day ring

five tracks, each made up of field recordings, tuning forks, violin (played by jacob danziger), as well as the tapping the benches. a 5.1 speaker system.  

“day ring” came out of an extraordinary opportunity to create a sound installation for the interior of the james turrell skyspace at the henry art gallery in seattle. the skyspace is a pristine freestanding small oval building with wooden built-in benches surrounding the interior and an oval cut out in the roof, creating the feeling that the sky is the ceiling of the space. it offers a meditation the sky, light shifts, time, cloud movement, etc. – and is a perfect artwork on its own that certainly did not need a soundtrack…

my first thoughts were to attempt to throw a simple tiny layer of sound “dust” into the space – creating a work that would be barely audible, and discreetly adding another layer to turrell’s space; but at some point the idea started to feel too easy, too “perfect”, too expected.

in a way, i felt that i didn’t really want to add something for the space as much as i wanted to make something in and of the space – so that my experiences with with the space (mainly looking up, and making field recordings inside of it the previous year) to generate ideas, paths, wanderings; where the results would be less forced, and less obvious. more than simply adding something to the space, i wanted to converse with it, and to possibly shift its use but also while allowing all of its own integrity to remain intact.

i think a lot of people perceive these spaces as pristine and pure, but the skyspace at the henry is close enough to a large street with traffic, so it is not uncommon to hear the sounds of cars, engines, horns honking, as well as sounds from the outdoor space where food and drinks are sold. these activity enhanced the silence of the space, offering a kind of humanness, rather than reverence – and an experience with bits of both.

overwhelmed with the situation, and struggling with an approach that would appeal to the site and my own practice, i happened upon a set of tuning forks – each one supposedly tuned to the orbit of a planet (yes, pluto was still a planet then!). i liked very much the idea of a viewer/listener looking up at the sky and listening – and all the time unknowingly that they were listening to a sound map of planetary orbits. i brought the tuning forks to musician jacob danziger and asked him to improvise with each of the resonant tones of each tuning fork. i then combined the sounds of the tuning forks, the violin, and the field recordings – some left as is, and some processed – to build the sound piece.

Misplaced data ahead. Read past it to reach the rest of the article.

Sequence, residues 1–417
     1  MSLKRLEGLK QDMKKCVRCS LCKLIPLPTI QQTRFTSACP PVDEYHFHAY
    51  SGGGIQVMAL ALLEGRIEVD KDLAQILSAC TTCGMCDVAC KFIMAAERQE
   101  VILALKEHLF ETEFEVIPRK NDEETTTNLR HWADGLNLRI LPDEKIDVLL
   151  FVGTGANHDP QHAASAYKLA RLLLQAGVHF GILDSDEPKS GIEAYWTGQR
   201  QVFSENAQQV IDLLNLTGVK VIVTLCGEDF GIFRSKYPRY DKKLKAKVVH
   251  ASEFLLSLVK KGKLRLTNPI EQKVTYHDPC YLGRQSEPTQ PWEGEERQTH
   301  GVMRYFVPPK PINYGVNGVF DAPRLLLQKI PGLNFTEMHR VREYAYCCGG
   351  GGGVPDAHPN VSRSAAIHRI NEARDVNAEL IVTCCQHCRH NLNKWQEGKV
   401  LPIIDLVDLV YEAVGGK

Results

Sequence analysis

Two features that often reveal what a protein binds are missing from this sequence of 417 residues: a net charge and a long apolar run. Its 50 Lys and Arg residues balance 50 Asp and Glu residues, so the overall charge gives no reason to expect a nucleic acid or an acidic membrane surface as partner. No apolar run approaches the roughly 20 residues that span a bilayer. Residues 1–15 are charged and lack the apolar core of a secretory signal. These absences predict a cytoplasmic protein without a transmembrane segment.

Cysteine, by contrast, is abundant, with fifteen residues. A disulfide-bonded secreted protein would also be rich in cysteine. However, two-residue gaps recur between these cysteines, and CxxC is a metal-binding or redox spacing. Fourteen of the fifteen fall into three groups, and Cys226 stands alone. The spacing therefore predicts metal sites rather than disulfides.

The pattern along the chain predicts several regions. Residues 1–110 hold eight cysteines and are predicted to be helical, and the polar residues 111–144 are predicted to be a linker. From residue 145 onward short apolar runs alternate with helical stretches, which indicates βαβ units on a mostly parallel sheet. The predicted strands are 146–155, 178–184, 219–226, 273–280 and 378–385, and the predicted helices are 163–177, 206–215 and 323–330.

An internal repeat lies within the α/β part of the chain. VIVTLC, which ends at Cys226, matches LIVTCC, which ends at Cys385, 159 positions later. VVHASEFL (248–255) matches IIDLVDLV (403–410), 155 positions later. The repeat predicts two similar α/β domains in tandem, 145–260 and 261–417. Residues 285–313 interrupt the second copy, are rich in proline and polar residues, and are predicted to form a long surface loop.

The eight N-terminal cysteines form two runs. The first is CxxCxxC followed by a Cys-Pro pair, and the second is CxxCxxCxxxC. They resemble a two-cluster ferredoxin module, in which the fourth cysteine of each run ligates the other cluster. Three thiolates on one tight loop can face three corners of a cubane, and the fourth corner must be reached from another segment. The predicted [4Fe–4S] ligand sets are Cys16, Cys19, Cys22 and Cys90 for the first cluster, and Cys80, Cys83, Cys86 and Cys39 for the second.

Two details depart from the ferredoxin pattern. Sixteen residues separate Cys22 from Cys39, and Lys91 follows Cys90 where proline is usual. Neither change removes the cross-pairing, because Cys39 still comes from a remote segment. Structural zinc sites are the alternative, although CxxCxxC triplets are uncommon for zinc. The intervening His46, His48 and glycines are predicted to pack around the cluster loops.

one thing that was important to me was that the insertion of my own into turrell’s space would still allow visitors to experience the skyspace without my work. and in many ways, that situation suggested my approach. and so, the piece ran on a schedule,so that those who wanted to hear my complete work from beginning to end (and perhaps, more in the form of a film screening or an event rather than an installation) – allowing those who wanted to explore the skyspace in silence, would to be able to do so; and having a clear begining and end, meant that i was using the space as a theater – not just for the sky, but for the sound piece (both of which modulated the space).

the final piece “day ring” was made up of 6 “movements” separated by short unprocessed field recordings that blended with the existing audio atmosphere. it was mixed for 5 larger speakers set into the benches, so that the sound could move along the oval form of the space – and some of the bass tones could be felt beneath the seats.

because the sky space was active via light at night, i also created a discreet companion installation called “night ring” which played at night very softly in front of the museum entrance – not exactly a re-mix of day ring, but using the same sounds. 

the sound file is an excerpt of movement one…